That makes for a supportive class atmosphere, but it also means you can get an inflated idea of how good you are—especially if your teacher has encouraged you to perform early and praised you regardless of how well you danced—which, I regret to say, is the norm in belly dance circles.

The result is that I've seen many students accepting belly dance gigs after only a year or two of lessons—which does nothing for the reputation of belly dancing. However, that's a whole other subject.

The line that got me was the one about her costume—made from a bra from Target. I know I recommend shortcuts and easy solutions to home-made costumes—but even if you're going to make costumes at home, you need to set some standards. There's a difference between inexpensive and tacky!

There's nothing worse than dancing in something that's obviously underwear. There's also a difference between what's acceptable at an amateur performance and what's appropriate if you're performing in a professional show.

Please, please, if you are considering a professional career, ask your teacher (or another trusted professional) for a brutally honest assessment of your readiness.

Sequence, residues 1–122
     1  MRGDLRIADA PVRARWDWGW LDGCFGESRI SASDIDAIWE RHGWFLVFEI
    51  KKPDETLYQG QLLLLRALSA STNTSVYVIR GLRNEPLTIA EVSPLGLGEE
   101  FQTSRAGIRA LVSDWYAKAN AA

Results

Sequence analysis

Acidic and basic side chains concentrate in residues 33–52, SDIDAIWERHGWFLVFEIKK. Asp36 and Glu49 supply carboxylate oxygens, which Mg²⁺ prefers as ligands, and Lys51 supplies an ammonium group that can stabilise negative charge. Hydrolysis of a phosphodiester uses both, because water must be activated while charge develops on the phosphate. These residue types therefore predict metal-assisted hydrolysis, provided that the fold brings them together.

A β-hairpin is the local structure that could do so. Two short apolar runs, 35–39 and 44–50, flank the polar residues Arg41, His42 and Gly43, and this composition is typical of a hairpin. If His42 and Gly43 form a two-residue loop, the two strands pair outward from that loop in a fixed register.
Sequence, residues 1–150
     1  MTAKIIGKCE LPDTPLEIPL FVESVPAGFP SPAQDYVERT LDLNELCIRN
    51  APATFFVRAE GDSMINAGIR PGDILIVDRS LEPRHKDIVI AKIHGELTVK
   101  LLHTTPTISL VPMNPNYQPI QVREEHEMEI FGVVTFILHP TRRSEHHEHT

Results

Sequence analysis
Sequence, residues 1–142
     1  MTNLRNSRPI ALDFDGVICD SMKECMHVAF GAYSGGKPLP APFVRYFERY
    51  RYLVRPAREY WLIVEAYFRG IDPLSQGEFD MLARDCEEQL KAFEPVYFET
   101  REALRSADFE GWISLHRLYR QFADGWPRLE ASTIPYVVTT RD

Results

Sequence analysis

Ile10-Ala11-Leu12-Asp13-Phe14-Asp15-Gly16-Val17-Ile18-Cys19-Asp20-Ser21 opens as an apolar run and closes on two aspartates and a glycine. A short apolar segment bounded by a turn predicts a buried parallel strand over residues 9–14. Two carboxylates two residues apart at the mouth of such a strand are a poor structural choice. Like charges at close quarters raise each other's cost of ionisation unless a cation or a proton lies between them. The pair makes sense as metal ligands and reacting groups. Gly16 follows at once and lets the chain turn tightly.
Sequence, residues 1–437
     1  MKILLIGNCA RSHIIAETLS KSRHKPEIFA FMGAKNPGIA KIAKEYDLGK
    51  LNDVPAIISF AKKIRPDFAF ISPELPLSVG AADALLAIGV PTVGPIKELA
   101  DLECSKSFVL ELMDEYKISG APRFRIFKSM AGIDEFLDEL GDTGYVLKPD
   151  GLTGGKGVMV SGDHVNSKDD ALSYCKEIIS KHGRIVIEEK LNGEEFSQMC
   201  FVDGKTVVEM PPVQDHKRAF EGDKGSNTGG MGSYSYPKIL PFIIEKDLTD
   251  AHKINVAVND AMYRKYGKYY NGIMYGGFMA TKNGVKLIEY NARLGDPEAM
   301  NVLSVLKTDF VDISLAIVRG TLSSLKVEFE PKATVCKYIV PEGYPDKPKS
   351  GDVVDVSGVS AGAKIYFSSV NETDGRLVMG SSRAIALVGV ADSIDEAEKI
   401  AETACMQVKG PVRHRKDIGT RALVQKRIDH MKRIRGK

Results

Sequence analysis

Further Reading

For some more "reality checks" about becoming a professional dancer, this article by Carrara Nour spells it all out very clearly!

Also worth reading is Becoming a Professional Belly Dancer by Kiyaana, So You Want to Become a Professional Belly Dancer by Portia Lange and Why Do You Charge So Much For Only Fifteen Minutes of Dancing? by Shira.

If you're dreaming of working in the Middle East, Sabriye Tekbilek's article and Luna of Cairo's blog are good starting points for your research, but if you want to get a feeling for life as a belly dancer in Cairo, I recommend Fire in the Belly by Zaina Brown. It's an honest and gritty account of Zaina's own experiences, and if you love belly dance, you'll find it a real page-turner.

© 2020 Marisa Wright